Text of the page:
Skyguide, the Swiss air traffic control service, has come under fire after two planes collided over southern Germany on Monday night.This content was published on July 2, 2002 - 18:19
The two air traffic controllers, who were in charge when the aircraft - a Tupolev 154 charter aircraft belonging to Russia's Bashkirian Airlines and a Boeing 757 owned by the freight company, DHL - crashed, have been criticised for not reacting to the danger early enough.
Swiss aviation expert Sepp Moser told swissinfo that he could not understand why it took so long for the Zurich-based controllers to warn the Russian airplane.
"In my opinion the air traffic controller's action is a little bit doubtful. He knew at least 13 if not 16 minutes before the crash when the Russian plane would appear on his screen," he said.
"He had plenty of time to prepare for a somewhat difficult situation. But he waited for at least 11 ½ minutes until he initiated action by the Russian plane," added Moser.
Around 12 minutes before the crash, the German air traffic control service handed over guidance of the Boeing to their counterparts in Zurich.
Seven minutes later - at about 11.30pm - Skyguide received instructions to take over control of the Russian plane. German air traffic control staff had already given them detailed information about the two airplanes.
A few minutes later, Skyguide staff instructed the pilots of the Tupolev plane to dive down - an instruction they had to repeat several times.
The Swiss air traffic control service maintains that this was a routine procedure and that the controller, who has been in the job for many years, acted correctly.
"The problem was recognised early enough and instructions were given in due course," said Toni Maag, chief of the air traffic control tower in Zurich.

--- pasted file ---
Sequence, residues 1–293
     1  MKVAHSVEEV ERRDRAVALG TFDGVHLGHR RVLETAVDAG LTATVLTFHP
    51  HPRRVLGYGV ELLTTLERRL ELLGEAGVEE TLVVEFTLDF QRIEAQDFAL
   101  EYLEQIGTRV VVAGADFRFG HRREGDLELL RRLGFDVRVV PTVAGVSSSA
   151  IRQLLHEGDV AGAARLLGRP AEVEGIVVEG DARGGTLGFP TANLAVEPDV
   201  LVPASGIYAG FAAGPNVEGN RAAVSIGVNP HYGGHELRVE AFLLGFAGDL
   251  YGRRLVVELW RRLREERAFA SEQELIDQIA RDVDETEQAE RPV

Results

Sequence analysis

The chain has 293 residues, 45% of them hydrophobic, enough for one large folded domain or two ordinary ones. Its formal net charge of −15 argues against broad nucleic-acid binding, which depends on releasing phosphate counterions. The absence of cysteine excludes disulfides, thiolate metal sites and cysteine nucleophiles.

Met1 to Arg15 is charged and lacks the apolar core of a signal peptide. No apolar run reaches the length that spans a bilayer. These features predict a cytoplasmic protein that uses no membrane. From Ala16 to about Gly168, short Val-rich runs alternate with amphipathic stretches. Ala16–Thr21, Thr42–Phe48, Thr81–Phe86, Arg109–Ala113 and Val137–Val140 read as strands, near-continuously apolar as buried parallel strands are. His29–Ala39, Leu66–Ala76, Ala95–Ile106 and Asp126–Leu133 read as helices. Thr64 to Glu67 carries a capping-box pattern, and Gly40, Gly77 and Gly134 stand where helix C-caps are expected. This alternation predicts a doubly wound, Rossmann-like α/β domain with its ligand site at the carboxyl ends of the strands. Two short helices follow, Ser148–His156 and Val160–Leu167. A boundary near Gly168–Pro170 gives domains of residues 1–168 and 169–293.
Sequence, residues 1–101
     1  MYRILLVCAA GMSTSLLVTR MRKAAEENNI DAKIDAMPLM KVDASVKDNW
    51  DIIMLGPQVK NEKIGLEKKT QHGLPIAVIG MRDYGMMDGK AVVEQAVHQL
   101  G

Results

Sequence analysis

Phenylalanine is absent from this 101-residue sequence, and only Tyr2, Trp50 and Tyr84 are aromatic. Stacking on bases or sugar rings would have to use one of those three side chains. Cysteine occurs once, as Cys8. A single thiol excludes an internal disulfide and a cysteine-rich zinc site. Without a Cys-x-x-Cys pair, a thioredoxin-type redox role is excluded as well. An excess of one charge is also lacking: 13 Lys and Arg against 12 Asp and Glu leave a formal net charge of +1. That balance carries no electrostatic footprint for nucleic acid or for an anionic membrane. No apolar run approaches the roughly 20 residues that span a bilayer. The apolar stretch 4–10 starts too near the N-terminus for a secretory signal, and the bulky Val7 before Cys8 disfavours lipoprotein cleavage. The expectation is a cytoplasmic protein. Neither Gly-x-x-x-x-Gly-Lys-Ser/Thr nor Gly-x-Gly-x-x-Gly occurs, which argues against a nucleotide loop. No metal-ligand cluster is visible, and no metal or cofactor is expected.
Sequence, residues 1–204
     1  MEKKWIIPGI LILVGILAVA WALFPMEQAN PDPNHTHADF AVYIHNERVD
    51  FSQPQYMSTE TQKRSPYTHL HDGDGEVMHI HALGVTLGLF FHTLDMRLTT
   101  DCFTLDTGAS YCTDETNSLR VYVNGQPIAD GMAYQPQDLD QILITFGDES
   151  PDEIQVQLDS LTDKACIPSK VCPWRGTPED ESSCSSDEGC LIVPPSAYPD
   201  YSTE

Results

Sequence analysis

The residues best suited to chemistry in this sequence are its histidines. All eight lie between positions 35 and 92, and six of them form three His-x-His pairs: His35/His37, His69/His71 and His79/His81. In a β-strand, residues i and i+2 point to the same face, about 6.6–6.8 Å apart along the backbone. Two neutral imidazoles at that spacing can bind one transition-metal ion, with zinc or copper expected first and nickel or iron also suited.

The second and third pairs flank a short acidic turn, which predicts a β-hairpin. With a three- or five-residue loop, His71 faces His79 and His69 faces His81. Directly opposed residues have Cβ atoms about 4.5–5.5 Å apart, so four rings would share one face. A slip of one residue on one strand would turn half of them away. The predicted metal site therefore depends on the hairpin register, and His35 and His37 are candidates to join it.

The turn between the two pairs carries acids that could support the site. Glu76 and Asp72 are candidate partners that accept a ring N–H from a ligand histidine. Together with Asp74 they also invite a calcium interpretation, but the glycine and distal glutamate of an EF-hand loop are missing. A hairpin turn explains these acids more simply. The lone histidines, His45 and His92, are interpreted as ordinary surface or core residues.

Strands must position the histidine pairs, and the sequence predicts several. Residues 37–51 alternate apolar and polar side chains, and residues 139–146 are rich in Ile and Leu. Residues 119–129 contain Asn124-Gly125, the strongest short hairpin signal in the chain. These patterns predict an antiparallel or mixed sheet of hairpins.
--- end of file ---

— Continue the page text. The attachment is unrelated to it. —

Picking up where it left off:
It is standard practice for Skyguide to assume control of aircraft flying over southern German airspace, due to its proximity to Zurich's Kloten airport.
Co-operation between the two countries is regulated by a series of agreements. "The collaboration with our German colleagues has been very good for many years," said Maag.
"The daily cooperation between the two air traffic control services is regulated according to international standards, like everywhere else in the world," he added.
Maag explained that the two neighbouring services exchange vital information before an airplane leaves one country's airspace and enters the other's.
"This information includes the time of arrival as well as the current altitude of the plane. If any corrections are made to the flight details, they have to be made shortly before the plane is handed over to the other air traffic control service," he explained.
Skyguide, which has its headquarters in Geneva, employs 1,400 people and is responsible for air traffic control in Zurich, Geneva, Bern, Lugano and Sion.
It is also responsible for the army airfields in Dübendorf, Payerne, Emmen, Meiringen und Lugano.
swissinfo and Pierre Gobet in Zurich
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